The Forum took place on 29 November 2016 in the framework of the EU-funded European Neighbourhood Programme for Agriculture and Rural Development (ENPARD) in order to discuss some of the key challenges Georgia’s agricultural cooperatives face with regard to access to finance. Please see the conference programme and presentations (listed below).
This was the fourth in a series of policy dialogues about agriculture and rural development organized by the CARE consortium, which includes the ISET Policy Institute, the Regional Development Association (RDA), and the Georgian Farmers Association (GFA). Other ENPARD-implementer consortia, led by Mercy Corps, Oxfam, and People in Need, also contributed to the Forum. Many other organizations presented and actively participated in the discussion: the Georgian Ministry of Agriculture, the EU Delegation to Georgia, the French Development Agency, the Agricultural Cooperatives Development Agency (ACDA), the Georgian Farmers Association (GFA), agricultural cooperatives, TBC Bank and other financial institutions, leasing companies, business and finance consulting groups, and research centers, among others.
For detailed information, please see the notes from the forum.
Summarizing the Forum, ISET’s President Eric Livny reflected on the commonly expressed view that there is a lack of funding available for Georgian farmers or farmer cooperatives. He suggested that, in fact, there may be too much funding, given that new donors, such as the French Development Agency, now enter the fray and join the EU, USAID, SDC, EBRD, and others in subsidizing commercial lending and otherwise supporting Georgian farmers.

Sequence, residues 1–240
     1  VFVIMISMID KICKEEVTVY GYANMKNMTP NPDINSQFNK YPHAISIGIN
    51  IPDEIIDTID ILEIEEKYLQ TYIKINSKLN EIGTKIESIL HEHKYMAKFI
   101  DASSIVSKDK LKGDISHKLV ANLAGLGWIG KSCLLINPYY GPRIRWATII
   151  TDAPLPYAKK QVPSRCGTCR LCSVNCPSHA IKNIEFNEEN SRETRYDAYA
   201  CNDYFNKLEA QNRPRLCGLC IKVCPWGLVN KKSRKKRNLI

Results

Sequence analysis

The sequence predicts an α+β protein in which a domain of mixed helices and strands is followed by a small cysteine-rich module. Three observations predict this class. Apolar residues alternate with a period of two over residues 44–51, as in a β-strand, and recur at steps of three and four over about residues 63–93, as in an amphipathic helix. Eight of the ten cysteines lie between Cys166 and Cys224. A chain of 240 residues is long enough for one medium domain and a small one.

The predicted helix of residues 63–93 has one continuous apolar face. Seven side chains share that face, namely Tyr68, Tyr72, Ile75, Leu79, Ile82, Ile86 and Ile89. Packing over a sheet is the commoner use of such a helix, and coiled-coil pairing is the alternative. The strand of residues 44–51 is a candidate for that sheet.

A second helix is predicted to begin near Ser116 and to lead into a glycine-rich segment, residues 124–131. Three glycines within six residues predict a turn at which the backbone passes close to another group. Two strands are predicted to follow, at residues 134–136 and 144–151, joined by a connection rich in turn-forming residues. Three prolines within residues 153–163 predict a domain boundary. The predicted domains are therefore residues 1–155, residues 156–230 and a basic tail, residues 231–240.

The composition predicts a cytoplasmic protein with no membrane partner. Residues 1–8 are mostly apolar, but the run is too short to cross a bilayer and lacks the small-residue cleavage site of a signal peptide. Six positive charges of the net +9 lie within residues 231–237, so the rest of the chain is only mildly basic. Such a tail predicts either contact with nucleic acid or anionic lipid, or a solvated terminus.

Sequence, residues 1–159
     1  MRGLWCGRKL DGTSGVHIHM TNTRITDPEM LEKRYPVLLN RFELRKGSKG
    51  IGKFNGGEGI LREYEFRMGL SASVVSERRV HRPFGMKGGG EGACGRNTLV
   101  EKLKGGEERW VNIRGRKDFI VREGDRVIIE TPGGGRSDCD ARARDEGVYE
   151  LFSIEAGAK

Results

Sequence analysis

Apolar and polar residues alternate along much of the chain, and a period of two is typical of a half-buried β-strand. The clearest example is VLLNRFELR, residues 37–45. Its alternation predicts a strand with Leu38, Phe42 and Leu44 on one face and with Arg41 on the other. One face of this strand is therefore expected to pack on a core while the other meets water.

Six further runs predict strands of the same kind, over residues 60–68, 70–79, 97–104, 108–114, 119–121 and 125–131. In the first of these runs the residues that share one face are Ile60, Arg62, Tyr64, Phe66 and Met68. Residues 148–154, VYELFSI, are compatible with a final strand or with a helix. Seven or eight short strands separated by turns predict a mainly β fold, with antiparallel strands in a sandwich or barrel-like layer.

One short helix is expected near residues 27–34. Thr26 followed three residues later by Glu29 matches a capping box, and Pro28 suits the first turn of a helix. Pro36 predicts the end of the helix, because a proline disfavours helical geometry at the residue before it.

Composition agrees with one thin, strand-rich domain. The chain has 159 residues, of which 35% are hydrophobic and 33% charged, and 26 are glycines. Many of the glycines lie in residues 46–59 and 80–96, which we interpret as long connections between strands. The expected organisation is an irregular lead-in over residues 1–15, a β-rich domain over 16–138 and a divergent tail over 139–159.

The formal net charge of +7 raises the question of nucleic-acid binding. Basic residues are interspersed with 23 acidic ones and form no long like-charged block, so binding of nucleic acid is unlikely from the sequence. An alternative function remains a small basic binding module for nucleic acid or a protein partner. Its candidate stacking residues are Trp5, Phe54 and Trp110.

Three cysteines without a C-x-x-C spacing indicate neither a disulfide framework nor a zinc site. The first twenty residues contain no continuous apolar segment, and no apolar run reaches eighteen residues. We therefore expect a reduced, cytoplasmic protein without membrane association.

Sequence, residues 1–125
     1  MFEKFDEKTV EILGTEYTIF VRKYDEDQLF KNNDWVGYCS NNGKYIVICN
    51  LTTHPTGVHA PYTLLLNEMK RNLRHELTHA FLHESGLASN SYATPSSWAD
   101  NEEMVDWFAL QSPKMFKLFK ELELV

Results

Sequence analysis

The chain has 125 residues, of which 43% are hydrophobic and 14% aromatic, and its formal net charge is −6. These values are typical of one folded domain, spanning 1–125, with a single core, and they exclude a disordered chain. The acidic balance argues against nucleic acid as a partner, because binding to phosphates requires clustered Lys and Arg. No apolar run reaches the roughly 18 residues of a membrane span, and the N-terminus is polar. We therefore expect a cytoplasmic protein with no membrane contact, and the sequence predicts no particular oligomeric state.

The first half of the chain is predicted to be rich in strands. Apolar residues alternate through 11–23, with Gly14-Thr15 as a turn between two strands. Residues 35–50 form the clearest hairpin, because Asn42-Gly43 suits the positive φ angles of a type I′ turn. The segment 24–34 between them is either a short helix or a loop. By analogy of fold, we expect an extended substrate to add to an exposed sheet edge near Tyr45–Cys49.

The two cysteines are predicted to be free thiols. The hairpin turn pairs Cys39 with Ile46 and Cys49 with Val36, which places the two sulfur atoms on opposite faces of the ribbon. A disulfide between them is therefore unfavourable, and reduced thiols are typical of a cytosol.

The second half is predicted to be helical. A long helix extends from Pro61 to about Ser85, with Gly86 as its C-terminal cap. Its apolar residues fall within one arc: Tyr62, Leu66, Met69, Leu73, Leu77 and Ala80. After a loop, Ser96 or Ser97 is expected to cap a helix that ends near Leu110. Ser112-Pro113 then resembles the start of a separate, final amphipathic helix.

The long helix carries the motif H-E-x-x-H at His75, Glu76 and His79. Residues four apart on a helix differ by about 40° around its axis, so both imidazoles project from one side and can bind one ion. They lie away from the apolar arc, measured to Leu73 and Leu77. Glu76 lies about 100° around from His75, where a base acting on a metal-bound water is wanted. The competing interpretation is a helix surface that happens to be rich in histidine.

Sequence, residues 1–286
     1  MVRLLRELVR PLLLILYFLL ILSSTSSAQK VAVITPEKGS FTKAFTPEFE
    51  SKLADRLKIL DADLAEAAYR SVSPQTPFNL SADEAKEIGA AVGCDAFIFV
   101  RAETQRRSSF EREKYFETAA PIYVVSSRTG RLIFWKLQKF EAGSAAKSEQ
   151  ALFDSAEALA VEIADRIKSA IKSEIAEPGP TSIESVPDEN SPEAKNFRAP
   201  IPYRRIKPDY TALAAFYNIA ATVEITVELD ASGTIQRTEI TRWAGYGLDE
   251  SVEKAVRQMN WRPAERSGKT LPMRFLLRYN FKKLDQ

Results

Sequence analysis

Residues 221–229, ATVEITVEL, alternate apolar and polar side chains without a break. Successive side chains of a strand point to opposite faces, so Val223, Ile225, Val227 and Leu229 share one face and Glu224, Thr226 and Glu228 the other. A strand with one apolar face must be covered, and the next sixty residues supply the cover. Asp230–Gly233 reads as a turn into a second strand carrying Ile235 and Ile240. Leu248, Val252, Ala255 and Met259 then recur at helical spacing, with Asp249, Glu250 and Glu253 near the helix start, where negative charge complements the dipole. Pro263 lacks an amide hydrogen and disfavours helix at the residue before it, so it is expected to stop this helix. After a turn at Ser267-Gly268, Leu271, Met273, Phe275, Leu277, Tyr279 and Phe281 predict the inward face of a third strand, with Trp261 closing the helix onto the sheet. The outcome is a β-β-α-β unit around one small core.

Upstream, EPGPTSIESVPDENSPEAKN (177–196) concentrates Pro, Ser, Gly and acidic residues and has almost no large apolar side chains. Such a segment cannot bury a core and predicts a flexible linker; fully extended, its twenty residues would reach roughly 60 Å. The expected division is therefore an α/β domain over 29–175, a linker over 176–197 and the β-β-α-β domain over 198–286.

Metaphorically speaking, there is a lot of government and development assistance money sitting on top of a mountain, waiting to be distributed to farmers. And, there are a lot of farmers jumping up and down at the bottom of the mountain, trying to reach some of the money that is potentially up for grabs. Unfortunately for both parties, according to Mr. Livny, potential funders and farmers have a hard time meeting each other because of the farmers’ limited ability to actually climb the mountain. Put simply, there are simply not enough commercially viable projects in Georgia’s fragmented and inefficient agriculture that could be undertaken at the going interest rates and/or could meet the due diligence requirements posed by the Georgian banks.